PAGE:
Is Corporal Punishment Needed To Discipline Children?

No matter the translation, Proverbs 23: 13 clearly states to discipline children, because they will not die from physical discipline. This section of the Bible (verses 12-16) begins with a parent instructing his child to pay heed to the Scriptures, then the parent correcting his child, during which time he offers a prayer. The correction is what prevents children from destruction. The parent encourages his child, informing him of what is good for him. Proverbs 22:15 sets the tone for this parental lesson by explaining how sin is foolishness and children will bring that foolishness with them, but in reality it is an inside inclination for sin which is near the soul of a child. We all need to be corrected by our Heavenly Father, just as parents need to correct their children. One who loves his child, will not permit sinful habits to gather strength and will thus teach the child the Scriptures and to physically discipline if necessary, as supported by Proverbs 13:24.

Vanessa Keeler, Attorney at Law, believes in corporal punishment at home because of precisely what was mentioned above: the Bible. That is how she bases her parenting. “Children,” she says, “are suffering—especially in elementary schools—from a lack of physical punishment. She supports incorporating corporal punishment as a form of discipline in schools. Corporal punishment is never outdated and the Bible should be left as is without new “translations” or understandings.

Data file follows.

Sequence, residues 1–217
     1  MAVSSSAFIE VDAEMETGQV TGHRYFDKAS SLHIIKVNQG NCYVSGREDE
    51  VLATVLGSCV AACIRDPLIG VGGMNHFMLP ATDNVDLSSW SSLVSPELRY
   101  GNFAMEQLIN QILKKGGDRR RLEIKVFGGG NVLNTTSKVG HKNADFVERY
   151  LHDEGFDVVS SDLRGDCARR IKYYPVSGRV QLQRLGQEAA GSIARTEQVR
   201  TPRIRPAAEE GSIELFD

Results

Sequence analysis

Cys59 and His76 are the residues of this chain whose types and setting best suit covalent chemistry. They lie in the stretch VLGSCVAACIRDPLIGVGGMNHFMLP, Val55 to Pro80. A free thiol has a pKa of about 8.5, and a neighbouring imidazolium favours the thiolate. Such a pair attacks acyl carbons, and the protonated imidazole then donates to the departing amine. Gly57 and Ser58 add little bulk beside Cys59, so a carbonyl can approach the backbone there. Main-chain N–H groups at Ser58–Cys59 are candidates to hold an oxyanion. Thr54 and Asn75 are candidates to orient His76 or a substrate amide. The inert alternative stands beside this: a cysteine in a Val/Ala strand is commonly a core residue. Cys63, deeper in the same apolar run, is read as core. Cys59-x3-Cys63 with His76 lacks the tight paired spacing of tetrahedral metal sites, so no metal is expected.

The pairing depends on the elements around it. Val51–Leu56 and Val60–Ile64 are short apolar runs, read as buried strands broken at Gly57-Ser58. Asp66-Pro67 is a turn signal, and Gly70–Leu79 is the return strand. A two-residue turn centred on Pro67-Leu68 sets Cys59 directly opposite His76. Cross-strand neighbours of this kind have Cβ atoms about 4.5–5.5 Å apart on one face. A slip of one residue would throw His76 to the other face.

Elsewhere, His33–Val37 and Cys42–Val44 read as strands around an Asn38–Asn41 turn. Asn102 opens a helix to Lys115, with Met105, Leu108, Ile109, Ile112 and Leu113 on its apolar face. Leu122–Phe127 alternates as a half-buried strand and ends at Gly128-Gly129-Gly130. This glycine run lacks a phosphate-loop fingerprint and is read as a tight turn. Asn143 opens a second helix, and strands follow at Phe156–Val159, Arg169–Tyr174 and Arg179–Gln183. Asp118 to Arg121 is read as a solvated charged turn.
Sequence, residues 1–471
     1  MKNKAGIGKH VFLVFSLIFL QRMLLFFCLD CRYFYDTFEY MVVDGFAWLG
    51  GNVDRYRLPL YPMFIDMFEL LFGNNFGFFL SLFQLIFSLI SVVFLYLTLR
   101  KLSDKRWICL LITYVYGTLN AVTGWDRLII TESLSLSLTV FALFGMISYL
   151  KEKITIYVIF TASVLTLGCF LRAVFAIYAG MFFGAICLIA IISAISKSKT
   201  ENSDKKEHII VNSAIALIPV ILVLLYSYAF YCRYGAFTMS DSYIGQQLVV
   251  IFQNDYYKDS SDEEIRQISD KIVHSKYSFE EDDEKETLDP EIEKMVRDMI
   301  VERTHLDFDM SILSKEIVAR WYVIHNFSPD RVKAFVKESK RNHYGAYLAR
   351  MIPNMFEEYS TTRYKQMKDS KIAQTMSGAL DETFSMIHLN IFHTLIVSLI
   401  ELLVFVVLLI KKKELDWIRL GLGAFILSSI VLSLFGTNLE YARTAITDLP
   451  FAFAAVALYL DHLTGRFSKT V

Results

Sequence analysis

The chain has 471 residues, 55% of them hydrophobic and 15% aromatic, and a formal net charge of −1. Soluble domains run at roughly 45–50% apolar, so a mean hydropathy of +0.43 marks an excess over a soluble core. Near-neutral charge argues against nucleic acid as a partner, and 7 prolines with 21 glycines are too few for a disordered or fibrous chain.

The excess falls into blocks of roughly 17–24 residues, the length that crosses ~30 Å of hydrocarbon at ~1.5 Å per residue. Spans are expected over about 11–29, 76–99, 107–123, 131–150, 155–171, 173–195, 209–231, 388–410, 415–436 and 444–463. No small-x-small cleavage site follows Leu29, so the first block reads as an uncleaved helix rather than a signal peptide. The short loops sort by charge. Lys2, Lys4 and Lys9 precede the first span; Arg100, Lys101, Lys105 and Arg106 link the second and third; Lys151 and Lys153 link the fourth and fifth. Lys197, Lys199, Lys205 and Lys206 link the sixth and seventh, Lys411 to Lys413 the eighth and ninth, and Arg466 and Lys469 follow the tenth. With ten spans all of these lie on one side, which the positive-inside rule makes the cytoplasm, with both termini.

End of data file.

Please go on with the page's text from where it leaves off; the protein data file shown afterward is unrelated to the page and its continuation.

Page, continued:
In modern times, however, not every agrees with continuing corporal punishment. Reverend Travis Taylor of Charleston, MS, does not believe in physical punishment. He uses his two theology degrees to grasp a better understanding of the times and situations surrounding each section of the Bible and firmly believes that in the time that Proverbs was written, parents had no other method of discipline for their children except physical punishment. You can’t trust anyone, even some parents to discipline. In the wrong situation and the wrong time it could permanently damage a child. Parents can adjust their discipline as necessary at home, but there are lots of other elements to someone else disciplining your kid, especially physically. That should be left to the parent.

One may choose to interpret the Bible as the “rod of correction”, referring solely to the Scriptures, or the rod referring to the literal Hebrew translation of a rod, staff, shaft, club, or truncheon. If the latter, the Hebrew for truncheon was meant as a mark of authority, authority which should be granted to parents leastways, and for some, even teachers.

Posted by December 6th, 2016